Saturday, April 20, 2013

Why Ranger and I Are a Therapy Dog Team

Ranger has had a busy time lately. Wednesday he was at school with me helping kids learn about dogs, Saturday he joined other Therapy Dog International dogs at a local nursing home, and the following Wednesday he listened to kids read at the library.

At school Ranger got to show the kids that he listens and obeys better if you speak to him gently rather than shouting at him. He showed them why you don't stare at dogs and how dogs don't really like hugs. Ranger and I have a very good relationship and I take a calculated risk and loom over him staring at him or throwing my arms around his neck and hugging tight. It's hard to miss how he backs away and looks uncomfortable when I loom and stare (although to be honest by now he's been through this demonstration so many times that he doesn't react very strongly) or how his happy smile disappears when I hug him tightly.

Ranger makes me laugh, all 15 kids in the class petting him at once is just what he likes. I keep a close eye out for any kid that isn't treating him appropriately or any sign of stress on his part but I almost never have to intervene. After my Dig those Dogs class Ranger usually waits through my next class in the back of the car but Wednesday was warm and sunny, too hot to leave him in the car so he got to stay for my second class. After all the kids petted him I handed his leash to the TA who'd come in just for that purpose and set about testing another one of those projects you can find on the internet. It turns out you really can dye fabric with sharpie pens and rubbing alcohol. While most of the class continued adding designs to the dishtowels I'd brought for dyeing one student asked if he could pet Ranger instead. As he put it "I have sharpies, towels and rubbing alcohol at home, I don't have a dog." He spent half the class petting Ranger and I noticed that one by one other students finished their designs and came to love on Ranger until probably half the class was petting him. As the kids were heading out for pick up by their parents the one that had first asked if he could pet Ranger told me that he'd been having a lousy day, and that he'd been kind of stressed out but after petting Ranger he was feeling calm and relaxed. That's why we do what we do.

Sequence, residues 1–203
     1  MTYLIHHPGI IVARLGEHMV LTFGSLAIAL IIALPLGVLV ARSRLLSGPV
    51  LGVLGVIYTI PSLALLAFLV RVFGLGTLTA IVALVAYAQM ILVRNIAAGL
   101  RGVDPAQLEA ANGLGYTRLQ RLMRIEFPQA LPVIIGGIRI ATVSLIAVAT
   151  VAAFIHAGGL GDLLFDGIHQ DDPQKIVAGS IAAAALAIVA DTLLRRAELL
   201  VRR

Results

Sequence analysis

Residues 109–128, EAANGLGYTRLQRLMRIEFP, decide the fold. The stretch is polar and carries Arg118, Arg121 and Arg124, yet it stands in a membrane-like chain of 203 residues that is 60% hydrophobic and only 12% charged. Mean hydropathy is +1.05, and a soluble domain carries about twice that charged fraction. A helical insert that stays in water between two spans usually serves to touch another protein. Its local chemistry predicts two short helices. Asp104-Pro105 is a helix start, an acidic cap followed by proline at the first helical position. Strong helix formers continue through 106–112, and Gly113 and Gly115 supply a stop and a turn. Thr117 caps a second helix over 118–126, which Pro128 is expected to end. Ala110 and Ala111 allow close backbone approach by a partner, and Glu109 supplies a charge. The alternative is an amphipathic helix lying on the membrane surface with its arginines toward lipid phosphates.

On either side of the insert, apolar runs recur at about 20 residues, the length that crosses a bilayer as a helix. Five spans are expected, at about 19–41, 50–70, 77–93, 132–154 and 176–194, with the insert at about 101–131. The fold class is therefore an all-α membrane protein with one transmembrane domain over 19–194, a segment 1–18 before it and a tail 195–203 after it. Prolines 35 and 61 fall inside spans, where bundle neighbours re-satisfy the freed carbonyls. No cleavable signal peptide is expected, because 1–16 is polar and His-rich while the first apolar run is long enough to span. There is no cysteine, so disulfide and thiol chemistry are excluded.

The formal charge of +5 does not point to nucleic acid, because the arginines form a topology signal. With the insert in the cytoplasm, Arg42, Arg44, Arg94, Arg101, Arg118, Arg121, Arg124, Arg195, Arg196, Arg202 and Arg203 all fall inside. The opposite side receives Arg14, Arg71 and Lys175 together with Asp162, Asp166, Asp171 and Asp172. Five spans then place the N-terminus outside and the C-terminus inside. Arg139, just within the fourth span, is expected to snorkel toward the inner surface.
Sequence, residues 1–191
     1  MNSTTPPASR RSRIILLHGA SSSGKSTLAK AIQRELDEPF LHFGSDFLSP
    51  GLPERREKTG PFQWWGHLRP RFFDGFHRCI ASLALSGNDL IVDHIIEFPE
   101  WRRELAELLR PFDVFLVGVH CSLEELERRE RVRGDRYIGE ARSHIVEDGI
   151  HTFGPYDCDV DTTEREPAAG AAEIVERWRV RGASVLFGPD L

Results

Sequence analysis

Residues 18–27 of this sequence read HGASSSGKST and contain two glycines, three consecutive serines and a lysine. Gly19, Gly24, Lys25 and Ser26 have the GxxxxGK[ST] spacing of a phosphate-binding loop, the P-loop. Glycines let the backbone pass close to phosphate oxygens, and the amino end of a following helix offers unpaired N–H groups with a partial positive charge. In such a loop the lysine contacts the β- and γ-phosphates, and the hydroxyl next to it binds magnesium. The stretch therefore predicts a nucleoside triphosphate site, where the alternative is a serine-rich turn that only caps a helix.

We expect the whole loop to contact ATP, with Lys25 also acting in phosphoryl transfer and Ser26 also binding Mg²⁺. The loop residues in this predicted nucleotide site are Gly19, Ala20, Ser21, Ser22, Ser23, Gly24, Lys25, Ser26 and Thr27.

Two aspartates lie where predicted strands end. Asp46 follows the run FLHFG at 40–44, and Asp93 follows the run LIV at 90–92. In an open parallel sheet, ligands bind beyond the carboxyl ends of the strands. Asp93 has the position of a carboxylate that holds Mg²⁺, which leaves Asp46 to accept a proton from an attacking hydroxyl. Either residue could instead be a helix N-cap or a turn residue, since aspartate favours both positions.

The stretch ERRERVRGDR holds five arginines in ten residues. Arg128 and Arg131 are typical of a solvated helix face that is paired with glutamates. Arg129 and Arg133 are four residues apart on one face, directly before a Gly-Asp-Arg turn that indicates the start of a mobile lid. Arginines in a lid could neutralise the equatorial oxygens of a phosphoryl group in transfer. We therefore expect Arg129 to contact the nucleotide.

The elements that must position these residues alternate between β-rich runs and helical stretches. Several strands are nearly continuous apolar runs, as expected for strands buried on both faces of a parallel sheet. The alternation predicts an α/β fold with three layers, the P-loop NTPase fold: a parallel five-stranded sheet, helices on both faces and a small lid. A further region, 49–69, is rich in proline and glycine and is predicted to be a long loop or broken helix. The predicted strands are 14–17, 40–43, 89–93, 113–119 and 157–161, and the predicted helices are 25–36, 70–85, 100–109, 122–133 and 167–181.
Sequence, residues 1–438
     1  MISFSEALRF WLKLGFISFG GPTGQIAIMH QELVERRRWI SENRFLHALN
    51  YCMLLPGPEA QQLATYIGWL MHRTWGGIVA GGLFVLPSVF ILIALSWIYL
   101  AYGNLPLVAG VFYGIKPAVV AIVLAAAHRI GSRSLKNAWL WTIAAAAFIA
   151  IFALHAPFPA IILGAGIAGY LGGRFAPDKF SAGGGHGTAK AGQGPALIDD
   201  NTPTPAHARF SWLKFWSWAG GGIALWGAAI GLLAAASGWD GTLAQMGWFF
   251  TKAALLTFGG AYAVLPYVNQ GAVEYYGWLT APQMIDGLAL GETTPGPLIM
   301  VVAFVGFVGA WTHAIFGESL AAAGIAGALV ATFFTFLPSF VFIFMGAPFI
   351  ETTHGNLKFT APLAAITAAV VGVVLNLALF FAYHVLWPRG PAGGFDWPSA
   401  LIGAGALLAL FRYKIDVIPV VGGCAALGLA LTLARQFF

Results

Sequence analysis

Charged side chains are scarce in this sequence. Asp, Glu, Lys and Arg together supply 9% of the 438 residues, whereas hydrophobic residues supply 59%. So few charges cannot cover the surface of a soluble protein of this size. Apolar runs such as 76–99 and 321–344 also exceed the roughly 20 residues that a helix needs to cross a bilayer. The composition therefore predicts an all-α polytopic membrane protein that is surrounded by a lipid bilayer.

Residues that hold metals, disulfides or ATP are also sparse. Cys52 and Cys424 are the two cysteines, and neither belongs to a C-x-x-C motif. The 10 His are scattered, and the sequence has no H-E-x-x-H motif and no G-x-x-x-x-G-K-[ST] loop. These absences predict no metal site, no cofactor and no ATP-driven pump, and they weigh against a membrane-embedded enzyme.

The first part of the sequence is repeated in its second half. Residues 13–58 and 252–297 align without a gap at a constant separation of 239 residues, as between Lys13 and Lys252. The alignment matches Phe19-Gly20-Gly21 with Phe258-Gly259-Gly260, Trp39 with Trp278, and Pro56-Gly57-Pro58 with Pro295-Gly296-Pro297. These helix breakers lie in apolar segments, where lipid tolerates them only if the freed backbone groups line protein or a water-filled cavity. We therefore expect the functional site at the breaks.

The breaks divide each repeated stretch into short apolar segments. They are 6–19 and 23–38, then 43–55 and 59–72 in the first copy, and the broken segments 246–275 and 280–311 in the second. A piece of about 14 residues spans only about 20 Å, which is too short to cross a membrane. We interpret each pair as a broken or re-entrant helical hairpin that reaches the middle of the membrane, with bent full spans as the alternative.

At the nursing home Ranger interacted with a lot of people and made them feel good but two women stand out. One was slumped in her big walking frame and completely disengaged from everything. I asked if she liked dogs and took her vague noise as a yes. Ranger walked up beside her and she continued to slump there doing nothing. Thinking she might be blind I told her that if she'd slide her hand to the side it would land on Ranger's head. She complied, letting her hand flop onto Ranger, after a couple minutes her hand began to move in his fur and she straightened slightly. When Ranger indicated that it was time to move on one of the other dogs in our group took his place. By the fourth dog the woman was sitting up straight and smiling.

The other woman was sitting in a chair when I asked if she'd like to pet Ranger she indicated that she could hardly move the hand on the side nearest him but that she'd like to pet him. I asked him to move closer to the chair and she reached across her body with her other hand to pet him. After a bit another dog came to take Ranger's place and we moved on to someone else. When I glanced back I saw her reach out with her bad arm to pet the dog. In petting the dogs she'd forgotten that one arm was damaged and was so engaged that she used that arm to pet. That's why we do what we do!